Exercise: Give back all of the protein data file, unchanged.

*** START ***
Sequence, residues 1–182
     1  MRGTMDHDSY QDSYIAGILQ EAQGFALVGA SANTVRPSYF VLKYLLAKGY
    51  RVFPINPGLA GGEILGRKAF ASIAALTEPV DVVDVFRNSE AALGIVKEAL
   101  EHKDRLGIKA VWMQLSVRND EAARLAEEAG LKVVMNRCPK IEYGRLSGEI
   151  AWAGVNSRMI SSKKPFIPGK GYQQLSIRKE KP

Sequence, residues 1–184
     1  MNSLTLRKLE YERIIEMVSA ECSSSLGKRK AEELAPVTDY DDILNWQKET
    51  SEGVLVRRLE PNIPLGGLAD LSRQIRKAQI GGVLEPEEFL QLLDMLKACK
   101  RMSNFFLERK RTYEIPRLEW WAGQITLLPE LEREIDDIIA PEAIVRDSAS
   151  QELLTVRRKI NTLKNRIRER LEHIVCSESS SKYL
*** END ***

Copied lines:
Sequence, residues 1–182
     1  MRGTMDHDSY QDSYIAGILQ EAQGFALVGA SANTVRPSYF VLKYLLAKGY
    51  RVFPINPGLA GGEILGRKAF ASIAALTEPV DVVDVFRNSE AALGIVKEAL
   101  EHKDRLGIKA VWMQLSVRND EAARLAEEAG LKVVMNRCPK IEYGRLSGEI
   151  AWAGVNSRMI SSKKPFIPGK GYQQLSIRKE KP

Sequence, residues 1–184
     1  MNSLTLRKLE YERIIEMVSA ECSSSLGKRK AEELAPVTDY DDILNWQKET
    51  SEGVLVRRLE PNIPLGGLAD LSRQIRKAQI GGVLEPEEFL QLLDMLKACK
   101  RMSNFFLERK RTYEIPRLEW WAGQITLLPE LEREIDDIIA PEAIVRDSAS
   151  QELLTVRRKI NTLKNRIRER LEHIVCSESS SKYL